I know that we treat black boys shouting differently from white boys. I see it in public places, written on the faces of the majority of white folk. BUT I am going to have to have a little more of a think about your argument about culture. It's not resonating quite right for me.

Looking forward to the next installment.

WCD

 

Anonymous JackP said ... (9:35 PM) : 

Is there some possibility that it (or at least part of it) is cultural?

One of the things I see from my generation (well, I'm 30+ now) and younger is an intense distrust of the police by almost everyone, which I think gradually lessens after about 25 (assuming you don't have 'criminal habits').

Could this distrust/dislike, which I think is across UK culture, be more intense amongst black youths because of real or perceived problems with the police? Which in turn makes the situation worse, making it more likely they will have problems with the police and so on...

@Wheelchair dancer - you say: "I know that we treat black boys shouting differently from white boys. I see it in public places, written on the faces of the majority of white folk." Do you see different expressions on white folk when black kids are shouting as you do when asian kids are shouting? Or on asian faces when black kids are shouting? Or on black faces when asian kids are shouting...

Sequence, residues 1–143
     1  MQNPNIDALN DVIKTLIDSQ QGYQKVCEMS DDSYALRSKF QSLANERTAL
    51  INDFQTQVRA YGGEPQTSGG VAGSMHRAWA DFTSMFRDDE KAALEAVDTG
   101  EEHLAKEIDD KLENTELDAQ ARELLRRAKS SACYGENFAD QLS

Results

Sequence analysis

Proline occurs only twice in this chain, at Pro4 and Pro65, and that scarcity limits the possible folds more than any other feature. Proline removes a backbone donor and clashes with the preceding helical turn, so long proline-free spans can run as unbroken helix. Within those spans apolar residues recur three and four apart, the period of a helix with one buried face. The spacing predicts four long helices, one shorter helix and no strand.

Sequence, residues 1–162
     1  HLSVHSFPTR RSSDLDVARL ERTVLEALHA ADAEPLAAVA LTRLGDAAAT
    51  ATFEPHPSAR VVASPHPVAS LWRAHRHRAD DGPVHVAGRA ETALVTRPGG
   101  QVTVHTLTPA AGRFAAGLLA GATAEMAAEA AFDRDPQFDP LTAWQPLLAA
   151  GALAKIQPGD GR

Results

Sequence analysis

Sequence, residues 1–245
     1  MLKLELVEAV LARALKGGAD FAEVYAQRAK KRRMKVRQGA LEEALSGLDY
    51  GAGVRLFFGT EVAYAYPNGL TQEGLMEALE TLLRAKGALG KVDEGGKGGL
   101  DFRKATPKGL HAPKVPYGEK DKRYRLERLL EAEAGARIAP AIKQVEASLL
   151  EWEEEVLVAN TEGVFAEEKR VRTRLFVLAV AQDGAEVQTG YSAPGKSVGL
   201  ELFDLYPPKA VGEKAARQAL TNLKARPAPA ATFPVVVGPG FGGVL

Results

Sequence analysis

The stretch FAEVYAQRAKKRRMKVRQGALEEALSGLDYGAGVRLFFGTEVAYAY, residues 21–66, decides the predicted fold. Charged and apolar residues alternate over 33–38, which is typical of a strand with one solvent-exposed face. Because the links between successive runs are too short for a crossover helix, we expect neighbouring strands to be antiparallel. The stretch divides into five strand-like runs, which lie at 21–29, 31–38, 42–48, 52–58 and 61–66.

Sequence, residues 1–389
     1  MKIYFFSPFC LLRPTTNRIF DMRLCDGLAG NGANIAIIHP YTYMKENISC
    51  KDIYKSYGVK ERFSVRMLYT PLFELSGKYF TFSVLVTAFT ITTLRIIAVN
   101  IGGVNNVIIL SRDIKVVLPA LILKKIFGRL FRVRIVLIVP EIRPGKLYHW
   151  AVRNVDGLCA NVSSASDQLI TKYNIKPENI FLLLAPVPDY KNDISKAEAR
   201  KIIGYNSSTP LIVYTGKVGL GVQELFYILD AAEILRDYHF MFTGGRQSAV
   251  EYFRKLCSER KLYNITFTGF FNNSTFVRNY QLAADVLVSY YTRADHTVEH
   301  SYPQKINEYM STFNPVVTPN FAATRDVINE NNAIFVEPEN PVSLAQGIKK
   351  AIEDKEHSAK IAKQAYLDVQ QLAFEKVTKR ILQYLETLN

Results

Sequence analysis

I'm not having a go, I'm just suggesting that there is a difference between 'slight wariness when confronted with aggressive seeming youths from a culture you don't know' and racism... and I think by only looking at the faces of the "white folk" we don't really see the full picture.

 

Anonymous Radio said ... (3:38 PM) : 

I sometimes think political correctness and attempts not to sound racist can be more detrimental to the community they are supposed to protect than otherwise. Someone told me this week that I can no longer order a "black" coffee, which I find ridiculous. If we spent more time trying to understand the real issues which affect communities and less time worrying about our language, it might make more sense. Out of all the problems which black boys face in our society today, I doubt my coffee preferences are top of their list...

 

Blogger Lady Bracknell said ... (7:56 PM) : 

Goodness me, but you're on form these days, Mme Goldfish!

 

Blogger The Goldfish said ... (3:04 PM) : 

Thanks everyone.

Diane - Thank you.

WCD - Thanks. I'm interested if you have any further thoughts on this because there are blanks in my experience and understanding which you could undoubtedly fill in.

Jack - I'm sure youth does come into it, but it's less than ten years since the McPherson report; until very recently, the Met has been to black people – particularly young black men - what the RUC used to be for Catholics in Northern Ireland.